Non-significant increased associations for higher consumption of MUFA were found in three studies [ 62123 ]. The rest of the studies reviewed reported no association between MUFA consumption and subsequent risk of breast cancer [ 14154648 - 50 ] Additional file 1.

Of the twelve studies that have been reviewed, three showed significant positive associations with dose-response relationships for increased intake of MUFA and the risk of breast cancer [ 343738 ]. Five studies reported non-significant increased breast cancer risk [ 2830313651 ]. Three studies showed inverse associations with significant dose-response relationships between the higher intake of MUFA and the risk of breast cancer [ 334252 ].

The relative risks of these studies varied from 0. No significant association between the consumption of MUFA and breast cancer was found in one study [ 41 ] Additional file 2.

Six studies out of fourteen reported a significantly reduced breast cancer risk with increased PUFA consumption [ 121545types of dietary fat and cancer, 485766 ]. The odds ratios for these studies ranged from 0. Decreased breast cancer risk with significant dose response patterns was reported for high consumption of PUFA in three studies [ 121557 ]. No associations were found between PUFA intake and risk of breast cancer in eight studies [ 614161821234649 ] Additional file 1.

Contrary to the results based on case-control studies, types of dietary fat and cancer, three out of eleven cohort studies reported significant positive associations with dose-response relationship between the increased consumption of PUFA and the risk of breast cancer [ 303452 ]. The relative risks of these studies ranged from 1. Four studies reported non-significant increased risks associated with increased PUFA consumption [ 28313638 ]. Nanoparticle silver antibacterial plastic containers studies reported no association between the consumption of PUFA and risk clean smoth antibacterial breast cancer [ 33414251 ] Additional file 2.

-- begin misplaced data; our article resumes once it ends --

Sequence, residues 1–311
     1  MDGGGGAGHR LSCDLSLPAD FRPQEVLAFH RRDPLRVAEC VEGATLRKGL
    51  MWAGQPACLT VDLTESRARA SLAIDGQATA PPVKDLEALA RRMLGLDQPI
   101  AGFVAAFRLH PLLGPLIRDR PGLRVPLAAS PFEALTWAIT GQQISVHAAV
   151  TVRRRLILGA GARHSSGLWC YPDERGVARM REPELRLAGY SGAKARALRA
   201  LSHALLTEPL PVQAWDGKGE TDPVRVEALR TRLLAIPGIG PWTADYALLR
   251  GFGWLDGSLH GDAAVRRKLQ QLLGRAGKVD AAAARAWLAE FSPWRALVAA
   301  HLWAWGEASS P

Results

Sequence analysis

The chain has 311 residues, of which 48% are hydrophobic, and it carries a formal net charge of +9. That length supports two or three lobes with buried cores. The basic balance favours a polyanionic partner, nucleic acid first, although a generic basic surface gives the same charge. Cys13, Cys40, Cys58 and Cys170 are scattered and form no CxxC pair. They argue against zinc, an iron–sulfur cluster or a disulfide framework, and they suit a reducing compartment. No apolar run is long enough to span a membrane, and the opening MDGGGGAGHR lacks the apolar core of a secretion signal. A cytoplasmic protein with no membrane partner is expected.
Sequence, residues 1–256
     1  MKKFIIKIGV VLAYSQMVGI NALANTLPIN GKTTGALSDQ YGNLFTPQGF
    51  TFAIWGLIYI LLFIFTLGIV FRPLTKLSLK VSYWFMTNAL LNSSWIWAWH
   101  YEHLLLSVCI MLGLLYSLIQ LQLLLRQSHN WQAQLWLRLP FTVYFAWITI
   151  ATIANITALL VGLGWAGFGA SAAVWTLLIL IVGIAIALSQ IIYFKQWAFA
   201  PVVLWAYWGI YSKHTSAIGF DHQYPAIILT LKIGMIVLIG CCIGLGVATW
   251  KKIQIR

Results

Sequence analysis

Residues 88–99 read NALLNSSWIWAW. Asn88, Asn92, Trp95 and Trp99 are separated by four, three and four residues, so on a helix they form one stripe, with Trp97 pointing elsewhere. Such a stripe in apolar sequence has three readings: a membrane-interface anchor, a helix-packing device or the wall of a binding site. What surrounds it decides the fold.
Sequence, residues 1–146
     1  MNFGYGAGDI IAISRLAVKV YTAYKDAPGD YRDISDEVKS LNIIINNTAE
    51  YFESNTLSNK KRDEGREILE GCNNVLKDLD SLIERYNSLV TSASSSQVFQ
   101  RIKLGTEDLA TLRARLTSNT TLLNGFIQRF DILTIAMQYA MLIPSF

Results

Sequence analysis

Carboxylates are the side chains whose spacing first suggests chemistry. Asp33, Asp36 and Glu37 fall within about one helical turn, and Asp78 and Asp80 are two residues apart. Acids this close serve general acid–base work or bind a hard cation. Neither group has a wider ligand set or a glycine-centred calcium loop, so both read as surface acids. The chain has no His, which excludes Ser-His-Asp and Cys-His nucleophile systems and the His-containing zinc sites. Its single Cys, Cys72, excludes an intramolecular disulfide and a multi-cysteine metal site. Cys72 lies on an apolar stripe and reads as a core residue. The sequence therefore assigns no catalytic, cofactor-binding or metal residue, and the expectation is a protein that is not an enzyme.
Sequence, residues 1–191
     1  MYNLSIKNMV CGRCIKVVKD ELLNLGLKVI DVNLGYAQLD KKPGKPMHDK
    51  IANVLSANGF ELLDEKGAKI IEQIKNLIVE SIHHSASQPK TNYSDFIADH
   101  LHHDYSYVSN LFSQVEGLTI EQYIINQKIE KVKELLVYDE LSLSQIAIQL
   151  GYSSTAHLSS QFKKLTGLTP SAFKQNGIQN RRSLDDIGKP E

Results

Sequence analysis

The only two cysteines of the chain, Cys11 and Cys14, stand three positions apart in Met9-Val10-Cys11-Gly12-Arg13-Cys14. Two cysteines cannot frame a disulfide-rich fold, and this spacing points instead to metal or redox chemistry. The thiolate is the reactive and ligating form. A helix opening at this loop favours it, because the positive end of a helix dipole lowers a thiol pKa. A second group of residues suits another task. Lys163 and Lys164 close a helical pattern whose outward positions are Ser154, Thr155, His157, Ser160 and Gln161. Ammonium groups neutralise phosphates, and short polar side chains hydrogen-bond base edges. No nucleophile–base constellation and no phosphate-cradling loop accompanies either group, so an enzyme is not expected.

One study of n-3 fatty acids [ 58 ] and another study of DHA reported significantly reduced risks for breast cancer [ 59 ] Additional file 1. A significantly reduced breast cancer risk with a dose-response relationship was observed in one study for the increased consumption of DHA n-3 fatty acid [ 59 ].

Two studies of consumption of alpha-linolenic acid showed inverse association with a significant dose-response relationship [ 5059 ]. One study of EPA n-3 fatty acid showed an inverse association [ 58 ]. No association was observed in other studies for the increased consumption of n-3 fatty acids [ 6165355 ] with the development of breast cancer Additional file 1. Contrary to the above result, a Swedish cohort study among post-menopausal women reported a significantly increased breast cancer risk with dose-response relationship [ 34 ].

The other studies showed no associations types of dietary fat and cancer breast cancer incidence on the consumption of n-3 fatty acids [ 3651 ], DHA [ 33 ] and EPA [ 3351 ] Additional file 2.

Two studies of n-6 fatty acids reported non-significant increased breast cancer risks [ 5558 ]. No associations were observed for the consumption of n-6 fatty acids [ 505359 ] with the development of breast cancer Additional file 1.

Non-significant increased breast cancer risks were observed with increased consumption of n-6 fatty acids [ 28 ] and linoleic acid n-6 fatty acid [ 3133 ]. A few studies found no risk of breast cancer with the consumption of linoleic acid [ 27324043 ] and arachidonic acid n-6 fatty acid [ 33 ] Additional file 2.